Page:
Student Review: “I really like my school because we have a unique class system in which we only take one class at a time. The classes run 3 hours a day, 5 days a week, for 18 days and then we’re done with that class and move onto a different one. It makes it so much easier to focus on one class at a time and really get what we’re supposed to be learning and have time to focus on the work for that class. We also have small classes (25 students max), so it means the professors get to know the students on a lot more personal basis and it’s a lot easier to talk to them if you need help. The professors are all really knowledgeable and have diverse backgrounds and are very approachable and helpful when it comes to anything you need with class.” -Lacey W., student at The University of Montana-Western
Student Review: “This university was very willing to work with the fact that I have a family. I wanted to pursue a teaching degree and I wasn’t sure whether or not it was possible. With the unique perspectives to college and the overall effort put forth by the staff of the university, I feel like it was challenging – but manageable – to obtain my degree. The university has what is called the “block” system in which the student only takes one class at a time for three hours a day, Monday through Friday. I was diagnosed with ADHD as a child and a traditional college experience was overwhelming for me. But this university was very helpful and helped me to obtain my goals. I was able to put all of my attention and effort into one class at a time and therefore I was much more successful than I might have been in a traditional college.” -Student at University of Montana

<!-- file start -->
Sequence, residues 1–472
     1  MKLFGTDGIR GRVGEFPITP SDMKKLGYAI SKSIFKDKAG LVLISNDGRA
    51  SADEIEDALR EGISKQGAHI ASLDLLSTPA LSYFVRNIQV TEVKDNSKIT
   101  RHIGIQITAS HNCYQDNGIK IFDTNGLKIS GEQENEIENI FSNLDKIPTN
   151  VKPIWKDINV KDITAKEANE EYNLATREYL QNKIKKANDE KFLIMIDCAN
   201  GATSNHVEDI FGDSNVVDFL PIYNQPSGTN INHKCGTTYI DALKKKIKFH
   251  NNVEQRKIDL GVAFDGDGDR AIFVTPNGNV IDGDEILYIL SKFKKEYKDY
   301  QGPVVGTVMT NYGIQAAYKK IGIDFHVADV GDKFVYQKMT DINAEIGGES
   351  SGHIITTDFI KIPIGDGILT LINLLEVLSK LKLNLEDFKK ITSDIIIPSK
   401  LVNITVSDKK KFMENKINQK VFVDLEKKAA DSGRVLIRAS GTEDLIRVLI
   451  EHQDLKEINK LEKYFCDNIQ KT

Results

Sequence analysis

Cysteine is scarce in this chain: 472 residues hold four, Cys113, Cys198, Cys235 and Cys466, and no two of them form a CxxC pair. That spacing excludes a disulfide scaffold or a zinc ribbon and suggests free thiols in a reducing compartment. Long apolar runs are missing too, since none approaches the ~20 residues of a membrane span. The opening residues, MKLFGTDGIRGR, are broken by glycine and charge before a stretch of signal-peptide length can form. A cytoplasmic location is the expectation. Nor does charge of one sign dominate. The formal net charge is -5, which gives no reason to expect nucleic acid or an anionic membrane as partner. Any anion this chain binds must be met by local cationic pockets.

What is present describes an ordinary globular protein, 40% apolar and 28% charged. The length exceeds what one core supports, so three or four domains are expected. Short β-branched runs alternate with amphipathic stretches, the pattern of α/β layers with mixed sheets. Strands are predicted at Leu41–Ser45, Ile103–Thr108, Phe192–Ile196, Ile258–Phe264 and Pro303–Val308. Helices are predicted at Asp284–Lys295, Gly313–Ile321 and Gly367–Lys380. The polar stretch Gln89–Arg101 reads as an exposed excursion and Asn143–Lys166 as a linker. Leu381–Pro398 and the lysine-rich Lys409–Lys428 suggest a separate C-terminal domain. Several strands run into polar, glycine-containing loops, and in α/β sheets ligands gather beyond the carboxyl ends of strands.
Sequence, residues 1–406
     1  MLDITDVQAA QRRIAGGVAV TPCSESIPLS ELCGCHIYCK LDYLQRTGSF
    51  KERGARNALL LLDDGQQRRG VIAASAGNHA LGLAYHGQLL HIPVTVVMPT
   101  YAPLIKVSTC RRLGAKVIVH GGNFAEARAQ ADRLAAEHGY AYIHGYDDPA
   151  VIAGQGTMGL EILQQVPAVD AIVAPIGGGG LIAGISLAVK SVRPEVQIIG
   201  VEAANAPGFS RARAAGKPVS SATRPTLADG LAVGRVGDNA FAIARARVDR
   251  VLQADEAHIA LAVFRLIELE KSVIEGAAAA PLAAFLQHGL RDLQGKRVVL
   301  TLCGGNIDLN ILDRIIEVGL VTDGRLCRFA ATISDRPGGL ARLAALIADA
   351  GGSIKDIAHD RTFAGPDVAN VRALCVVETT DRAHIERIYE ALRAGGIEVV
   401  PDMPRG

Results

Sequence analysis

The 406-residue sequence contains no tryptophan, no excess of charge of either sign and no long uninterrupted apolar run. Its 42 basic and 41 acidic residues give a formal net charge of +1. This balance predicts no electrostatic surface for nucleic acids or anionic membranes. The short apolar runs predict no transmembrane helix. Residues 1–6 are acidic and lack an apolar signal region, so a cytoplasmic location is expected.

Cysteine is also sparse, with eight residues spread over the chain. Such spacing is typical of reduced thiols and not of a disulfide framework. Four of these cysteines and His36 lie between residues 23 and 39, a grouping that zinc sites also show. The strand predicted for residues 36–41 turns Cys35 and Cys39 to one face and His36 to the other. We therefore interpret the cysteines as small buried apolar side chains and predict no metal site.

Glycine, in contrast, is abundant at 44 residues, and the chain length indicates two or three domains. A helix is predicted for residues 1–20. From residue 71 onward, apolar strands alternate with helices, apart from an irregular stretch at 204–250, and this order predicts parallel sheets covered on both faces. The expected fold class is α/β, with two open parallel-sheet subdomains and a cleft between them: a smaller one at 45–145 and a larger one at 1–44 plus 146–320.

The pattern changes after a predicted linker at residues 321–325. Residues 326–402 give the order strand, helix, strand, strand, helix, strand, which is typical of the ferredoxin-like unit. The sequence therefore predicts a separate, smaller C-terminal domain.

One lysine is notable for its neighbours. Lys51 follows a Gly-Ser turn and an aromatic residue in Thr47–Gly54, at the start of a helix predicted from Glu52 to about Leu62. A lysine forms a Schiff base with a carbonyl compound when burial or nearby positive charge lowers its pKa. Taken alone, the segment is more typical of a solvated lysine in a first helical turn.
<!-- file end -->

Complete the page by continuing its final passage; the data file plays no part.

1. National Center for Education Statistics College Navigator: https://nces.ed.gov/collegenavigator/
2. The Princeton Review. The Best 385 Colleges, 2022 Edition. The Princeton Review, 2021.
3. US News & World Report Best Graduate Education Schools 2022: https://www.usnews.com/best-graduate-schools/top-education-schools/edu-rankings
4. US News & World Report Best Online Graduate Education Schools 2022: https://www.usnews.com/education/online-education/education/rankings
5. Council for the Accreditation of Educator Preparation (CAEP): http://caepnet.org/provider-search
6. US Department of Education 2020 Title II Report: https://title2.ed.gov/Public/Home.aspx